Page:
The government has put out a policy that we develop the national construction industry. That policy has a number of objectives, including the development of local contractors, consultants, and suppliers. It also seeks to strengthen regulatory institutions like the Engineers Registration Board (ERB), the Architects Registration Board (ARB), and the Surveyors Registration Board (SRB). These are the people who are involved in the construction industry, as well as support the professional institutions. There is the Uganda Institution of Professional Engineers (UIPE), the Africa Association of Quantity Surveyors (AAQS) in Uganda, and so on. The policy stipulates that a certain percent of the work (around 20%) should be assigned to national contractors.

What are the local firms mainly engaged in?

The scope for roadwork is large. At the moment, the local firms are mainly engaged in low-cost road maintenance. We would like to develop them so that they could compete in new works and the reconstruction of existing roads. We could also have arrangements, with national firms participating in joint ventures so that they have the opportunity to develop local capacity and grow. This way, we could retain the profits that have been going out of the country.

What are some of the main challenges that you are facing in developing the Road Master Plan (RMP)?

First, there is the weak construction industry. Our contractors still have to be equipped to handle major construction work. Their capacity is so far limited to road maintenance. They need to meet the contract prerequisites. They need tender security in processing tenders. The performance security is 10% of the contract signed. If the job is UShs50 billion, the contractor must come in with UShs5 billion (US$2 million, roughly). That is a lot of money. If they go to a bank, they will need a lot of collateral. Some work has to be one in the area of knowledge and technology for road construction. They lack the equipment. The cost of funding is high. There have been attempts to help them through the Crossroads Program (CP). It is a program that is supporting the development of local doctors here, as well. The government and its development partners such as DFID support CP. Within it is a facility for a contractor to be supported when he is processing his bids. He supported in accessing the bid securities. That way we are able to give more opportunities to more contractors to participate in local construction and maintenance works. Our goal is to nc4ease their capacity so that they could do large-scale work, beyond road maintenance.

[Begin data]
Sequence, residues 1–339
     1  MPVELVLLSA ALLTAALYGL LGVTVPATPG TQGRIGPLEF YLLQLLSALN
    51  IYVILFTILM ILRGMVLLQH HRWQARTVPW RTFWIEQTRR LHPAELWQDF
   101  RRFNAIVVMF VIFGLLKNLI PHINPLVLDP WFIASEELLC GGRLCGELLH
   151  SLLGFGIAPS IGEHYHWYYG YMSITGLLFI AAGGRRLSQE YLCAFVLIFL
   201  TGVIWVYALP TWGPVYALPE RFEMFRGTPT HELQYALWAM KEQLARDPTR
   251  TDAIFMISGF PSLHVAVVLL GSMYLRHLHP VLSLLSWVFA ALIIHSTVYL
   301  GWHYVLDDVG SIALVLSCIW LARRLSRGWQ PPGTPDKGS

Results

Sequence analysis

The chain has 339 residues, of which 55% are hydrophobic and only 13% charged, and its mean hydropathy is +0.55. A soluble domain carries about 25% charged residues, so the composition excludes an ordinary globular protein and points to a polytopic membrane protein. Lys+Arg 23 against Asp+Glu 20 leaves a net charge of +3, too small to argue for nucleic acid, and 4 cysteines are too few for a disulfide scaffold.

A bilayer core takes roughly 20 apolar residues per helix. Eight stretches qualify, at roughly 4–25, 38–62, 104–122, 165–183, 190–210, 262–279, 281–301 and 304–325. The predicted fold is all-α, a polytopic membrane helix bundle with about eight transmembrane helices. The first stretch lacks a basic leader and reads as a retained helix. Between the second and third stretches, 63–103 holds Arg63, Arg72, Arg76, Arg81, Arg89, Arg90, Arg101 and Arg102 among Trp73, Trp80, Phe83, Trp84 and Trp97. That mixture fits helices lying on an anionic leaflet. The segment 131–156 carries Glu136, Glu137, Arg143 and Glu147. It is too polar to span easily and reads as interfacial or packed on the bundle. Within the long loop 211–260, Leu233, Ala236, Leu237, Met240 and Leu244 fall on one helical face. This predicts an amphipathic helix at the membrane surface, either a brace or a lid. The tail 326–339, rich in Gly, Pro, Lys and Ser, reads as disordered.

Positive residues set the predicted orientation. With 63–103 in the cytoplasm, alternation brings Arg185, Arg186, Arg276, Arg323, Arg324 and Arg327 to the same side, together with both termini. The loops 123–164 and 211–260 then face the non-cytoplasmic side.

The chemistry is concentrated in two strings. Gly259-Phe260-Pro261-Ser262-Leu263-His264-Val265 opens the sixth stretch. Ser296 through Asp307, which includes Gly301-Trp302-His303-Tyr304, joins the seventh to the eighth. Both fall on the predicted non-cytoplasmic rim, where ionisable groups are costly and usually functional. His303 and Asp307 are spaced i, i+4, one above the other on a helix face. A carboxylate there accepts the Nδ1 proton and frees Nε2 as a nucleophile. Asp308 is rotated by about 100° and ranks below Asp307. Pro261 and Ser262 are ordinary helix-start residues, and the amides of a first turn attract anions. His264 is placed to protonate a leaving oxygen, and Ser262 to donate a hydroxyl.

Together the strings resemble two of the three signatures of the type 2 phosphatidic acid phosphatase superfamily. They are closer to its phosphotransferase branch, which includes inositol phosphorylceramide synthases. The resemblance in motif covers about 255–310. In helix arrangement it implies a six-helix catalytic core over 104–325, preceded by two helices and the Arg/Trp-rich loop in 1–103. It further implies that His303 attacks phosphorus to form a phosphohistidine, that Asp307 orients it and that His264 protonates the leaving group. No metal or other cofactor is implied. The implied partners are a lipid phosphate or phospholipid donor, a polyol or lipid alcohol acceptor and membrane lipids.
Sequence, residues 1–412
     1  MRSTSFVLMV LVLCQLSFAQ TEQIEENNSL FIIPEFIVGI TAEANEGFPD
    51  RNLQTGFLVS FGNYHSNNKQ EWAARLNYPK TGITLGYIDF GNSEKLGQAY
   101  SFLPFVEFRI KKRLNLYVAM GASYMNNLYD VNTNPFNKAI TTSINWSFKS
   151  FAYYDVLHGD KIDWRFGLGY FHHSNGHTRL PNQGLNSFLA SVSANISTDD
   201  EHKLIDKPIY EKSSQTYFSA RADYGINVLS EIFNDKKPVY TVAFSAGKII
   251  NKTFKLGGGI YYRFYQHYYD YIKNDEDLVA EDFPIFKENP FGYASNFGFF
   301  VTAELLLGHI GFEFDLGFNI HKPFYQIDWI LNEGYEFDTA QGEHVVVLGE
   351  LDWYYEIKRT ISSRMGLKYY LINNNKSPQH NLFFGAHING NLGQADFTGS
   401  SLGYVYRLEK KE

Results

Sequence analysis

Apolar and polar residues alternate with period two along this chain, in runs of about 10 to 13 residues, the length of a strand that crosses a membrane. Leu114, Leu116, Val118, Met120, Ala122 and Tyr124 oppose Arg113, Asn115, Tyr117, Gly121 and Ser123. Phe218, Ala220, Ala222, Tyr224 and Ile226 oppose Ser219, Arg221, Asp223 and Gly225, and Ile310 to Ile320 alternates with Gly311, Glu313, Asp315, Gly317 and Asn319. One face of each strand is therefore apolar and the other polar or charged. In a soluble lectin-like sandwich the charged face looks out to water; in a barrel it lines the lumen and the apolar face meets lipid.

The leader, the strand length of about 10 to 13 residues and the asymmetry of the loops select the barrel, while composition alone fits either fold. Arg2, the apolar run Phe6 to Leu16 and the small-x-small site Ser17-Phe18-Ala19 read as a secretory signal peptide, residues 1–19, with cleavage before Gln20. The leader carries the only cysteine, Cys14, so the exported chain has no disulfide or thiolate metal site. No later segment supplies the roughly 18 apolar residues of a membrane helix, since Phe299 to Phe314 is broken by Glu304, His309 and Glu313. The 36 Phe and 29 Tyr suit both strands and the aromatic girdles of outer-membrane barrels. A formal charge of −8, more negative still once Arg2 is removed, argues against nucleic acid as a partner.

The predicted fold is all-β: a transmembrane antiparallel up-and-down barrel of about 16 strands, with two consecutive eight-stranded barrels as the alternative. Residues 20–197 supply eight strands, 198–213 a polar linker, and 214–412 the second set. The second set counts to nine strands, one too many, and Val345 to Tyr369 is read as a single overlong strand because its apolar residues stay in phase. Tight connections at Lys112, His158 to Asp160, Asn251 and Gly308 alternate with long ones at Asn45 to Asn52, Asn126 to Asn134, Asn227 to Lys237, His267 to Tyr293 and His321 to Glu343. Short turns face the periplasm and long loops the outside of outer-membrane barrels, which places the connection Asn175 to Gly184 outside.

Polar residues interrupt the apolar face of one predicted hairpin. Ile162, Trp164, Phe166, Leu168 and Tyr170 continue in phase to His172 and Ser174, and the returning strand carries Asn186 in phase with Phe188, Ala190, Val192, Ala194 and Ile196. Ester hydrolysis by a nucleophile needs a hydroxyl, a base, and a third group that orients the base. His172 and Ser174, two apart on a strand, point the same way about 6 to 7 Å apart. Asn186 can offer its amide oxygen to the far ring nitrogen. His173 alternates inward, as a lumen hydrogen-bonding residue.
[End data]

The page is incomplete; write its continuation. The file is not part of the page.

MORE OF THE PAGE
Speaking of increasing capacities, how are you working with the local universities?

We are working closely with the universities. We are partnering with them for some of the postgraduate courses. Right now, we have around 4 engineers from UNRA taking up their masters on Infrastructure Management (IM) with Makere University (MU). We have the capacity building of our contractors, and the training of our engineers—these things are very important.


Can you tell us about the tenders that you are about to open up for foreign investment?

To a good extent, we have attracted the Chinese companies. They are winning most of the tenders. Usually, if it is using government financing, it is mostly from loans from the African Development Bank (ADB), and World Bank (WB). We also have other development partners like the Arab Bank for Economic Development in Africa (BADEA).We have also attracted financing from the European Union (EU). The EU has been a very big financier for road development in this country.